Earlier this year, Nadal was getting constantly asked about Alcaraz. Nadal then told the media the best thing they could do for Alcaraz is to stop all the comparisons.

Emma Raducanu has had a very particular career so far. The athlete became popular thanks to the victory of the Us Open 2021, a success that came in a sensational way with Emma, who, before that tournament, she had never won a match on the Tour.

An incredible surprise with all the insiders shocked and Raducanu has gradually gained power in the women tennis and has become increasingly famous. After the success, however, things didn’t go as hoped and this year Raducanu won very few matches, struggling between physical problems and an acclimatization in the Tour that is struggling to take off.

What can Emma get from 2023? Tennis is inside her, otherwise you won’t win a Grand Slam at 18. Furthermore, the criticisms that have rained down on her could have the effect of motivating her to regain her game, performance and mental strength.

Especially this last characteristic that you will have to rediscover in order to realize a career that can potentially be very important. Emma Raducanu released a curious interview to National Geographic microphones and discussed some particular curiosities.

Emma Raducanu reveals what she eats after the game

The very young tennis player released the following statements: “After a tournament my biggest weakness is chocolate. I eat pretty healthy in general, but when it comes to chocolate I need to control myself.

Another thing I’m eating often is steak. Initially I didn’t like it very much and I even went two years without eating it, then I realized that it’s good for you and therefore I eat it often because it can help you.”

The tennis player then revealed some of her food habits. Emma was raised in Great Britain even though she was born in Toronto, then her father is from Bucharest while her mother is from Shenyang, a mixture of different cultures.

Growing up, Emma learned to love the traditional dishes of her country and revealed: “My Romanian grandmother used to come to England and she would prepare delicious dishes for me. She would prepare sarmale for me, a very tasty Romanian dish.

She also prepared ciorba, a kind of soup. She always did this and I have really fond memories of spending hours in the kitchen with her.” Emma is getting ready and will participate in the Mubadala World Championship Tennis exhibition tournament.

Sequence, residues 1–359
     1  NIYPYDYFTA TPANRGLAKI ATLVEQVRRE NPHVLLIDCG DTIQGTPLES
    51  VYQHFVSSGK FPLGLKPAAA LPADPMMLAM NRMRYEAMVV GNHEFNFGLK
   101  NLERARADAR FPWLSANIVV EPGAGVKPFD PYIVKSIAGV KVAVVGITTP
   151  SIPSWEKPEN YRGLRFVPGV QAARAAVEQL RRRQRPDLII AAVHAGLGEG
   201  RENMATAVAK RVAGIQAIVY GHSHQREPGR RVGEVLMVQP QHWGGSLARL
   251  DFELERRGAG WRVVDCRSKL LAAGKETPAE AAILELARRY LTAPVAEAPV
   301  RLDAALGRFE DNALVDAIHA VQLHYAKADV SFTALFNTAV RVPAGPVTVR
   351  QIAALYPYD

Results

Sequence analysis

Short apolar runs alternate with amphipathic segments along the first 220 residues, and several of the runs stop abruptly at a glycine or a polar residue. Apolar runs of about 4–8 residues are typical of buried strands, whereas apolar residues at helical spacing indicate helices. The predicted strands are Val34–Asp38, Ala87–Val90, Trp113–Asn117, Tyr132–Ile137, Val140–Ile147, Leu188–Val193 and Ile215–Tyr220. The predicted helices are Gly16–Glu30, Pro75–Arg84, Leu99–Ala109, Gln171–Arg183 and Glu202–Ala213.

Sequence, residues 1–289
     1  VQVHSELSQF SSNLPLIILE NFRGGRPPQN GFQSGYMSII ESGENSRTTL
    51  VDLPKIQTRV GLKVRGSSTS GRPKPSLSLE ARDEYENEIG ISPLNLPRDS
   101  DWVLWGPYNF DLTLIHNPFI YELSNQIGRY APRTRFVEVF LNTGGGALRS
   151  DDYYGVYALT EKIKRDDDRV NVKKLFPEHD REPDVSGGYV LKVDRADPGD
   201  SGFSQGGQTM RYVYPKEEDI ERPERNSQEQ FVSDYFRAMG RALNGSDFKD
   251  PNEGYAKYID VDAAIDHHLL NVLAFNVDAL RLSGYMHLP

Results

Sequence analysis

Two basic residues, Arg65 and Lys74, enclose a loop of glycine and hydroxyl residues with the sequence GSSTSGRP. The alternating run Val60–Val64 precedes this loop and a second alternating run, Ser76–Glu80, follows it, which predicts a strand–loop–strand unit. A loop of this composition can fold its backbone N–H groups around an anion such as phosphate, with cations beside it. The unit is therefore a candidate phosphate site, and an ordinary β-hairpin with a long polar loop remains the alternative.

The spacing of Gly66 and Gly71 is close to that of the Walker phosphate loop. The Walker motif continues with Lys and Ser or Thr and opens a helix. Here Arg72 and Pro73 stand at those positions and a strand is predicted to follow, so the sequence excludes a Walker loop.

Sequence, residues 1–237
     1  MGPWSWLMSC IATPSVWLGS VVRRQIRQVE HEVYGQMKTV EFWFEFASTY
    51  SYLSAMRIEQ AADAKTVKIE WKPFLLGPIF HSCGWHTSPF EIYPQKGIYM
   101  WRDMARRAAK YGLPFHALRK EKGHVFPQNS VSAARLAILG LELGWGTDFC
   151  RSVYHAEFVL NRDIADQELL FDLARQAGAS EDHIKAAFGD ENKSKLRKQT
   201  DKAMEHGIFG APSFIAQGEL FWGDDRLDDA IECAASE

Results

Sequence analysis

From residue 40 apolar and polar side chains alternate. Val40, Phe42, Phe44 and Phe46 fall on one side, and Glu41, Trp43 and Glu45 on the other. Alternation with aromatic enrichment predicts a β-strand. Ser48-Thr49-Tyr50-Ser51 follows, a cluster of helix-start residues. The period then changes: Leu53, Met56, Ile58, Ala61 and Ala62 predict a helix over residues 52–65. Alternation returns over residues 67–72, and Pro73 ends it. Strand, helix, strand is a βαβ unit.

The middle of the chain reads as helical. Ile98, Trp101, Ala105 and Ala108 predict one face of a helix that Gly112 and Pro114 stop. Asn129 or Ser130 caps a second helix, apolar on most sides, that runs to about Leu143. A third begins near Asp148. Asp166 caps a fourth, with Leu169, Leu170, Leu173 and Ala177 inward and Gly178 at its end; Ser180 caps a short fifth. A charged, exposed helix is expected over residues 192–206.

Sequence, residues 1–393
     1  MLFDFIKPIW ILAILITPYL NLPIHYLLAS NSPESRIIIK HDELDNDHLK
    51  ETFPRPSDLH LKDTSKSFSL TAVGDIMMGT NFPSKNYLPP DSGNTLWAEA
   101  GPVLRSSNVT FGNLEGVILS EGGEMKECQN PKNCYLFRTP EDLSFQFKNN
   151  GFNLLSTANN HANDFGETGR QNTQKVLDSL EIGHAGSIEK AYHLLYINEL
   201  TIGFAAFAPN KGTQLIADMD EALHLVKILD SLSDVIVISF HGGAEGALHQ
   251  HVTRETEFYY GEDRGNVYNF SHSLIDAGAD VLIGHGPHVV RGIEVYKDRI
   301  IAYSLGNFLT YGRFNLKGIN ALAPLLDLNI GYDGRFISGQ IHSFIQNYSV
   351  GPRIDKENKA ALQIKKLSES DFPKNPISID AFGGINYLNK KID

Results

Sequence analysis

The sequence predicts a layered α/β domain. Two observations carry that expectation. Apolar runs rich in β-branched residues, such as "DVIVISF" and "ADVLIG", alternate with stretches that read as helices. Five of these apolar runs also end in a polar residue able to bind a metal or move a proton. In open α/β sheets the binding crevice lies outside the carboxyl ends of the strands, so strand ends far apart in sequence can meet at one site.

Rafael Nadal built the advantage on short and medium exchanges. He kept his cool after a slow start and shifted into a higher gear to extend his remarkable streak. Both players held to 15 in the first few games of the match to put their names on the scoreboard.

Evans broke in the third game after a forehand error by Nadal and took the next game on an unreturned serve for a 3-1 lead. The Brit took the sixth game after another loose forehand from his opponent, and the Spaniard stayed in contention with his serve a few minutes later.

Rafa broke again in the eighth game and held 15 in the next with a service winner to take the lead. Daniel clinched the tenth game with a forehand winner and created break point at 5-5 for a great chance. Nadal saved it with a game-winning volley into the net and closed the game with a game-winning smash for 6-5.

Evans made a forehand error in the twelfth game to offer set points to his opponent. Nadal took advantage of the second after a double fault from Evans to make it 7-5 in 56 minutes. Rafa kept the tie at the beginning of the second set with an unreturned serve and broke Daniel in the second game after a terrible smash from the British.

Nadal forced his opponent’s error in the third game to open a 3-0 gap and faced break point at 3-1 after a forehand error. Rafa denied it with a volley winner and held on after Daniel’s wild forehand to stay in front.

The Spaniard closed out game seven at love point to carve out a 5-2 lead and move closer to the finish line. Evans extended the duel with a love point in the eighth game, and Nadal served for the 5-3 victory. Rafa claimed the opening point with a game-winning volley into the net and painted a backhand bullet down the line for three match points.